tourism

courtesy City of Frankfort

In February, WBAA held a public forum in Frankfort which asked residents, in part: What's the "thing" that the city should be known for?

The most workable answer then seemed to be drawing in more visitors when the annual Festival of Lights show goes up each winter.

On this week's Ask The Mayor, we talk with Mayor Chris McBarnes about how his city has doubled down on trying to become just such a cold weather cash cow.

Legislators Discuss Money For Beach Erosion Study

Aug 8, 2019

UPDATE: At the state agriculture and natural resources committee meeting, legislators recommended that the state find the money for the U.S. Army Corps of Engineers study into solutions to Lake Michigan beach erosion. There’s no telling whether the governor and the state budget committee will act upon that recommendation. 

homeofpurdue.com

May 5th though 11th marks National Travel and Tourism week. In the Greater Lafayette Area, Visit Lafayette-West Lafayette is marking local sites and businesses with a Tourism Tailgate Party on Wednesday, May 8th from 4 to 7pm. WBAA's John Clare spoke with president Jo Wade, and director of communication, Sara Erickson about the event, and the impact of tourism on the community.

Purdue University researchers have released a report highlighting challenges the state’s tourism industry may face in the upcoming century due to climate change, as well as offering suggestions for how to prepare.

Carly Rosenberger / WBAA News

Tippecanoe County’s Exploration Acres has experienced a sharp increase in ticket sales following the opening of this season’s corn maze, based on the hit Netflix television series Stranger Things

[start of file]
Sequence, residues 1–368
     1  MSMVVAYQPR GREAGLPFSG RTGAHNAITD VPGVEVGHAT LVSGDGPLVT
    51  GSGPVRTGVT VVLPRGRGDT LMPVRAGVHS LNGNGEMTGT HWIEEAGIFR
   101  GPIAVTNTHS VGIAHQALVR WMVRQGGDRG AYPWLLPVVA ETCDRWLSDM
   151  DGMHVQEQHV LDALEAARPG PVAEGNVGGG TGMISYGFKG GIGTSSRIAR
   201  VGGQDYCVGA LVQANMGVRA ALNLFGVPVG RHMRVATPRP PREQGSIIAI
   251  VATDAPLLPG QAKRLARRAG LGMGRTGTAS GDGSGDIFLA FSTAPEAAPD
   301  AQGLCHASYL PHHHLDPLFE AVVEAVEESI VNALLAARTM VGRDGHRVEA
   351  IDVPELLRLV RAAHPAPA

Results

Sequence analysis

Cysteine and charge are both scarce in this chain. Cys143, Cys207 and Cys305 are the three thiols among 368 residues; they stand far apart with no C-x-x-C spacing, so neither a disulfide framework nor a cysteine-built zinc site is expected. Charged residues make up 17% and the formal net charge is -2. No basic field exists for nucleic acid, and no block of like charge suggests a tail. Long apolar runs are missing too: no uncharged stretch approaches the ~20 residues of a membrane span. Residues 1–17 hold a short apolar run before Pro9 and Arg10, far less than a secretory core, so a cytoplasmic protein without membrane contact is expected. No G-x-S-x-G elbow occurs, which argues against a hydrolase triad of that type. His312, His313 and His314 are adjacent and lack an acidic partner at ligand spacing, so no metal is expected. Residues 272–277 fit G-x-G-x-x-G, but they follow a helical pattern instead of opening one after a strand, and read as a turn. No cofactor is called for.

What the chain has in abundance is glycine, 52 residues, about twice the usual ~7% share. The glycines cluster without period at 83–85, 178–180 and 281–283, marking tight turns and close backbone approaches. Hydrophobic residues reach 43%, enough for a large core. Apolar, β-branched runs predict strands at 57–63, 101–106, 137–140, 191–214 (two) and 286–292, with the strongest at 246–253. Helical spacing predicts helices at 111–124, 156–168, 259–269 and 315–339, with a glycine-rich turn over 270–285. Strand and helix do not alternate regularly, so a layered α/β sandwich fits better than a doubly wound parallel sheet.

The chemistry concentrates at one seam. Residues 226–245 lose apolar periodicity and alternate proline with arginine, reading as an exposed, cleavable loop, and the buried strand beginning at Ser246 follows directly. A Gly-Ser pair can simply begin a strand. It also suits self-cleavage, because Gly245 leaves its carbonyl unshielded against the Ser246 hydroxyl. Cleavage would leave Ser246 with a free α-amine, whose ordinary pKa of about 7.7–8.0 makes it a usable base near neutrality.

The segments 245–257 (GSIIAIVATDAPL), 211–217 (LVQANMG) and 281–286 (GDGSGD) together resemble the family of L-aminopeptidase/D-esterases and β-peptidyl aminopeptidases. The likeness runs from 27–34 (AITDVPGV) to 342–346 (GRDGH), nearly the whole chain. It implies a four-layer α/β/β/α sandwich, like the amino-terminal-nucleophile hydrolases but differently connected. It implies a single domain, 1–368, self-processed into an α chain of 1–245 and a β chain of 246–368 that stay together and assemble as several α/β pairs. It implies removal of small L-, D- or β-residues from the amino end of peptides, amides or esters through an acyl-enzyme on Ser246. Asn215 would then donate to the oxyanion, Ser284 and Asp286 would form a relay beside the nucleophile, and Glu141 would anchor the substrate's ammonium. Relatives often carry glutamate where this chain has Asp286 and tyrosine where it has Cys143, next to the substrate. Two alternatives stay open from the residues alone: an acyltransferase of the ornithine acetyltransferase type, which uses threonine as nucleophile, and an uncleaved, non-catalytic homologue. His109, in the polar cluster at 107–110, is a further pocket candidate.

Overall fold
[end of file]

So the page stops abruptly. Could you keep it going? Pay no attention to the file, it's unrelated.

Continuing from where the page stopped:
Exploration Acres President Tim Fitzgerald is an avid fan of Stranger Things. He says the maze has significantly influenced the farm’s revenue this fall.

A Purdue professor has found that rooms rented on sites such as Airbnb benefit white neighborhoods, but do less good for black and Latino areas.

Stan Jastrzebski / WBAA News

In the 21st Century, it’s a bit of an open question how small-to-midsized Indiana cities will attract industry or grow their population base.

Gone are the days of a railroad or a new university creating a boomtown, so what’s a place like Crawfordsville to do?

The answer is probably not going to be “build a windfarm,” so perhaps instead of trying to grow the permanent populace, the city can try to attract visitors on more weekends.

Stan Jastrzebski / WBAA News

This spring is dotted with important meetings in Crawfordsville – meetings which could help decide the near future of the city.

Whether it’s talking with state transportation leaders about how the city fits into the state’s long-term plans or meeting with parents concerned about greater incidence of students taking their own lives, the community has some important decisions to make.

This week on WBAA’s Ask The Mayor, we talk with Crawfordsville’s Todd Barton about the stakes for a town that’s hoping for a rebirth.

White County CAFO Rule Would Join Patchwork Of Regulations

May 12, 2016
Annie Ropeik/Indiana Public Broadcasting

White County is on its way to passing the state's first rule for protecting a waterway from big livestock farms. It's designed to shield the Tippecanoe River Basin and its residents from pollution and farm odors.

White County Hog Barn Raises Environmental Concerns

Oct 13, 2015
US Department of Agriculture / https://www.flickr.com/photos/usdagov/

For the second time in two years, the White County Area Plan commission will consider a rezoning request for a confined feeding hog operation that is opposed by neighboring residents.

Gary and Connie Rice want to build a barn that would house 4,000 hogs on nearly seven acres of land.

To do that, the land must be rezoned from General Agriculture to Agricultural Industry.

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